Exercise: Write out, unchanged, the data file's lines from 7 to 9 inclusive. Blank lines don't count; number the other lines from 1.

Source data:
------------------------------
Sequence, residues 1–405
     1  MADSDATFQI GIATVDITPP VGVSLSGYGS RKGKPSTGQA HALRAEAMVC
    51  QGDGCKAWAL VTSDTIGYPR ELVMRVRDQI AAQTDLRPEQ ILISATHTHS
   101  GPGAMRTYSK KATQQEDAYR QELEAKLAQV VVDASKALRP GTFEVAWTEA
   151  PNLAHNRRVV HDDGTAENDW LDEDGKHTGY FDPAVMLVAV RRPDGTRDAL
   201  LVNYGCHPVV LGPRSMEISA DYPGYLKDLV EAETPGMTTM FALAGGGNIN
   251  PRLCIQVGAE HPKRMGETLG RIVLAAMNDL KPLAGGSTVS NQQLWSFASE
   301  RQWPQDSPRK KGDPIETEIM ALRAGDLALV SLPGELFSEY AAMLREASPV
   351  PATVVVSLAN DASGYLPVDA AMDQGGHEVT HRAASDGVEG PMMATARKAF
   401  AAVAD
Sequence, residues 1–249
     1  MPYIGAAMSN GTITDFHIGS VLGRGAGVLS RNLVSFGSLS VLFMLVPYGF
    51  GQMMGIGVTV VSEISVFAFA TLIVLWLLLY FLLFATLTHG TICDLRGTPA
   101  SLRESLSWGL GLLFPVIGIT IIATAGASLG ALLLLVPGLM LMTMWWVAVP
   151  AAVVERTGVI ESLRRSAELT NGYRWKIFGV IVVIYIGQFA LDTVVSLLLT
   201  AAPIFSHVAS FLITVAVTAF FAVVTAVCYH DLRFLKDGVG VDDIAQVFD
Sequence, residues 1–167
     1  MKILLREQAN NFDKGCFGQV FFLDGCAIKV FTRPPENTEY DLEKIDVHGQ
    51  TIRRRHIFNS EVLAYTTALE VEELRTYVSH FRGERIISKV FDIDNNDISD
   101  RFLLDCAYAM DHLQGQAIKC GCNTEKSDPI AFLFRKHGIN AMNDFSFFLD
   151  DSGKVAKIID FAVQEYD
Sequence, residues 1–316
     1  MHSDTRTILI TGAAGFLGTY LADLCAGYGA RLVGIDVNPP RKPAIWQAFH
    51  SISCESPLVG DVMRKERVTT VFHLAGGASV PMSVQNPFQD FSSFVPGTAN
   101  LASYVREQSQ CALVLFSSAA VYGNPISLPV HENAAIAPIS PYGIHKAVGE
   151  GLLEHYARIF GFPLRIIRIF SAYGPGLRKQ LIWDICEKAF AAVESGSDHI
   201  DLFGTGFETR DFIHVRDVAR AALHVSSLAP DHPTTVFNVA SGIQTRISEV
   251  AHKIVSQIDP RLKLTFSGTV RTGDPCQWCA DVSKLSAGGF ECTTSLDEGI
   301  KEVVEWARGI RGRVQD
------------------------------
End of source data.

   251  PRLCIQVGAE HPKRMGETLG RIVLAAMNDL KPLAGGSTVS NQQLWSFASE
   301  RQWPQDSPRK KGDPIETEIM ALRAGDLALV SLPGELFSEY AAMLREASPV
   351  PATVVVSLAN DASGYLPVDA AMDQGGHEVT HRAASDGVEG PMMATARKAF